There is also another aspect that should not be ignored: as a Maryland resident not having a Maryland license may be considered for the Police as strange and suspect you (as a foreigner) of some something far worse than just not having a valid license.

Last but not least: at some point your license will expire and since most jurisdictions will not renew a license of a non-resident you will have no license at all and must start again from scratch.

A exchanged license will retain the information of the original issuer.
When returning to you home country the Maryland license can be exchanged back.

USAGov site: Foreign Nationals Driving in the U.S. states:

Residents (Non-U.S. Citizens) The residency requirement for obtaining a U.S. driver's license is different in each state:

  • If you are eligible to apply for a driver's license, you must get a driver's license from the state where you live.
  • Check the requirements and find out how to apply in your state's department of motor vehicles.
  • A U.S. driver's license allows you to drive anywhere in the U.S. It is your responsibility to know and obey the laws of the state where you are driving.

Since you are eligible the first statement applies to you. The last point also makes it clear how complex the matter can become.

A Lawyers site warns about possible problems with the Police not knowing how to deal with foreign licenses:

Generally speaking, if you are NOT a Maryland resident and you have a valid international license from your country of origin, its OK to drive with that license. Unfortunately, individuals with a valid international license who drive in Maryland often get charged with driving without a license. Driving without a license is a serious Maryland traffic offense, which carries jail time. I see these Maryland traffic cases all the time. I believe police officers simply don’t know that its permissible to drive with these licenses, they don’t believe the licenses are authentic, OR they belive that the individual is actually a resident of Maryland. If you are a resident of Maryland, the law is not clear on how long you have to obtain a Maryland license. If you have an out of state (not out of the country license) and you become a resident of Maryland, you have 60 days to obtain a Maryland license.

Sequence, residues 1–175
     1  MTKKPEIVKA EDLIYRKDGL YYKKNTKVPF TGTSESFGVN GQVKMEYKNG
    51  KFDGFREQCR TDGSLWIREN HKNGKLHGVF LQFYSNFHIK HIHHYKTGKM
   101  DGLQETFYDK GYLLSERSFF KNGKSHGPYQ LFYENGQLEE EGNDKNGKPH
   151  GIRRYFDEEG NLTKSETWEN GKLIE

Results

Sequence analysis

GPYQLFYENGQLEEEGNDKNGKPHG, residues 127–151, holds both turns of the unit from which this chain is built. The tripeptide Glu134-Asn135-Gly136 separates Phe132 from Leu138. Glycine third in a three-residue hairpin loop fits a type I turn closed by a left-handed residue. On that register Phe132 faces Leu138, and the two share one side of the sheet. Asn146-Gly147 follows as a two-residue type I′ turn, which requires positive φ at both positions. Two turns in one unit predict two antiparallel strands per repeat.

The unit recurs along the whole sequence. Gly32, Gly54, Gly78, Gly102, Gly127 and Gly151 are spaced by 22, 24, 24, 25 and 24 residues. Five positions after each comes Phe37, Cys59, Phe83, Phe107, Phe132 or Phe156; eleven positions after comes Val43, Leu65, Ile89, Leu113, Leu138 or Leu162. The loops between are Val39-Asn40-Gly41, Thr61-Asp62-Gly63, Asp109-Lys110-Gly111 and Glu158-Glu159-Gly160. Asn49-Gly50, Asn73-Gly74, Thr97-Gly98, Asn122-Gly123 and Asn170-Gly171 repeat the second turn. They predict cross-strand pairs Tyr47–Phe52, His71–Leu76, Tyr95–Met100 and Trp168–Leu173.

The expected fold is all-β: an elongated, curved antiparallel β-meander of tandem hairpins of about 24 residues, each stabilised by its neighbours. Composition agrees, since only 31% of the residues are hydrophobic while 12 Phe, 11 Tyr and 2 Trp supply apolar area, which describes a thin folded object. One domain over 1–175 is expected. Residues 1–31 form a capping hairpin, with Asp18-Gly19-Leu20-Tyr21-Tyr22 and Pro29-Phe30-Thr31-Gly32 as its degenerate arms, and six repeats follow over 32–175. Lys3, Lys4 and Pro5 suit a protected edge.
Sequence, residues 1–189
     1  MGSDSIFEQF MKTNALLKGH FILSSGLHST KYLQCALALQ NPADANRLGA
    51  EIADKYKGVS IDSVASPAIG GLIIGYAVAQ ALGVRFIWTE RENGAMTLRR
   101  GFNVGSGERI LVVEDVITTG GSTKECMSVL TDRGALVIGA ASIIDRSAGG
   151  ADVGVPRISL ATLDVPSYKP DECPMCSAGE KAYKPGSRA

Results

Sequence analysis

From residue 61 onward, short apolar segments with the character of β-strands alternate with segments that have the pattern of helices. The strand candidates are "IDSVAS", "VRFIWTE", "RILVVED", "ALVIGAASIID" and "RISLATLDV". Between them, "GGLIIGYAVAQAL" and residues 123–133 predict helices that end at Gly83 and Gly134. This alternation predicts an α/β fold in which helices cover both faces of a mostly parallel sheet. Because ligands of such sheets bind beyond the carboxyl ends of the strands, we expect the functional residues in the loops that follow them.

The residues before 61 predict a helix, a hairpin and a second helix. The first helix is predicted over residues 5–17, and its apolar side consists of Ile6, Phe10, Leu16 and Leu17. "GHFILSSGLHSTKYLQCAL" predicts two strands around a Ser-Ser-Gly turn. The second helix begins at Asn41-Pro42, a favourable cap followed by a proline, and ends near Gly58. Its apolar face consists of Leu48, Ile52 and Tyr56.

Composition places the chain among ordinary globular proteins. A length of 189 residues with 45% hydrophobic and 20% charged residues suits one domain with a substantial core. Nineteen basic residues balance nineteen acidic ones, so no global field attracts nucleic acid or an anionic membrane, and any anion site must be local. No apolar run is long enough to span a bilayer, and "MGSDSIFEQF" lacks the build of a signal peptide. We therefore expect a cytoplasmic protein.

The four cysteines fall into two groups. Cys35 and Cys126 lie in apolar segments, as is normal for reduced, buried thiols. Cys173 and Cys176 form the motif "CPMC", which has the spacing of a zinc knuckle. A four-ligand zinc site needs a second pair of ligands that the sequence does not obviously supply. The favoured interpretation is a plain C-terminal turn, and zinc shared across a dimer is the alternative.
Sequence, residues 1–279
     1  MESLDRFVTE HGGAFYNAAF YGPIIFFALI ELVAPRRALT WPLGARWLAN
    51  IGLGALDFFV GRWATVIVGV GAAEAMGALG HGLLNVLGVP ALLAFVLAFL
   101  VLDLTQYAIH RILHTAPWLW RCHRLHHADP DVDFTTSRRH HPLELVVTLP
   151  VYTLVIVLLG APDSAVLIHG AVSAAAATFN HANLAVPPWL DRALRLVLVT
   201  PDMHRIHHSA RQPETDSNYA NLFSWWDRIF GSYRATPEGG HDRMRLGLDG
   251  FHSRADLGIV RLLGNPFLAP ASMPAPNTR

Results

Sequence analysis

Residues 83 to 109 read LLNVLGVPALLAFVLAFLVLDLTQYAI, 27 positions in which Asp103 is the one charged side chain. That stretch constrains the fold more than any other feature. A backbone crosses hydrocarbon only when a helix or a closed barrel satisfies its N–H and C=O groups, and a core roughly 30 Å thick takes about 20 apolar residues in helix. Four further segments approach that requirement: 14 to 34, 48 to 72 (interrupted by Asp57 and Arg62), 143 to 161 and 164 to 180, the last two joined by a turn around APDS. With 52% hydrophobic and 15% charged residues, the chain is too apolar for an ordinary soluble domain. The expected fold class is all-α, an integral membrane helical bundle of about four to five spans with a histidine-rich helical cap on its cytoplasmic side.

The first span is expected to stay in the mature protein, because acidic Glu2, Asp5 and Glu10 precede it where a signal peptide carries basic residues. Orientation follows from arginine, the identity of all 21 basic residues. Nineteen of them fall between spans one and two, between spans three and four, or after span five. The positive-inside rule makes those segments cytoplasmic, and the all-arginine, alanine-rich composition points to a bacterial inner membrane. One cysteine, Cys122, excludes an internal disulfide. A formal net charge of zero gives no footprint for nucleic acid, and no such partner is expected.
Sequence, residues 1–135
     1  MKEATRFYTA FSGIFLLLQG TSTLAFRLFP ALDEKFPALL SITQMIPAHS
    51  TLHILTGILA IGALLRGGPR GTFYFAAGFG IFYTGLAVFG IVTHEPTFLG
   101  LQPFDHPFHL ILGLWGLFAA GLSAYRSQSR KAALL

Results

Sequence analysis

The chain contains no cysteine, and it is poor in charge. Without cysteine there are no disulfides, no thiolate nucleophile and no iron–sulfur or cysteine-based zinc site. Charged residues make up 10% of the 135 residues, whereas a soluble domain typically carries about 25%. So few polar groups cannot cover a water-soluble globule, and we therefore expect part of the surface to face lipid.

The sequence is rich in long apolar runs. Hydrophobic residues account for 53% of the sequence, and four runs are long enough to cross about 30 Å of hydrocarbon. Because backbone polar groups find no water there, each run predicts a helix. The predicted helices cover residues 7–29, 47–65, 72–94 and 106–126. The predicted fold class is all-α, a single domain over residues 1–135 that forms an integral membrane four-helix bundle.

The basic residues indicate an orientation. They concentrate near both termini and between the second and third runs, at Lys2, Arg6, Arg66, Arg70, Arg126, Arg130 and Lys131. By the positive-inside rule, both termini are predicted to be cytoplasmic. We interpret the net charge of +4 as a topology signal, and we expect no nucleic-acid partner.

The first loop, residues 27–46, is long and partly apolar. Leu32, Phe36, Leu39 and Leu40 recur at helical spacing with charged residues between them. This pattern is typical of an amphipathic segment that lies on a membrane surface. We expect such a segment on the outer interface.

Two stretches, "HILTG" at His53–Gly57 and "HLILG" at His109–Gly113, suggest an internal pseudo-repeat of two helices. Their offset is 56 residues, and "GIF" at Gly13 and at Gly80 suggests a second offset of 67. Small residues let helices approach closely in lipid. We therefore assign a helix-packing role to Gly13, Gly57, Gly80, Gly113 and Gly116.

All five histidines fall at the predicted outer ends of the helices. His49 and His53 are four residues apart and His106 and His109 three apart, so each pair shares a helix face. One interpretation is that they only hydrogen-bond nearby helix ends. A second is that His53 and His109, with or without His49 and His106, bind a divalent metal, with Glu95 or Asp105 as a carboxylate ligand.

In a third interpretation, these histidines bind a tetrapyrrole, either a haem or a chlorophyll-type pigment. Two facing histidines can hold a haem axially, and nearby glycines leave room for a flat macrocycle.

Pennsylvania warns, as one state regulation of many, of a time limit since arrival in the United States:

  1. Can I drive in Pennsylvania with my Foreign Driver's License?
    Individuals who possess a valid foreign driver's license from their country are authorized to drive in Pennsylvania for up to one year from their date of entry into the United States, or upon expiration of their foreign license, whichever comes first. International driving permits are strongly recommended, but not required.

This case shows that, for Pennsylvania, you may not drive at all since you have been in the United States longer than a year.

As far as I can tell from the California site, such a time restriction does not exist.

Colorado Driver’s License Requirements for Visiting Foreigners

Foreign visitors driving requirements pertain to any non-permanent resident with an international driver license or a driver’s license from another country who plans on driving in Colorado for longer than 90 days.

This point does not apply to you for 2 reasons

  • you will be there less than 90 days
  • you are a permanent resident (not a visitor to the United States)

I didn't see the combination of permanent resident and foreign license...

And these are only 3 of the 49 mainland jurisdictions of the US.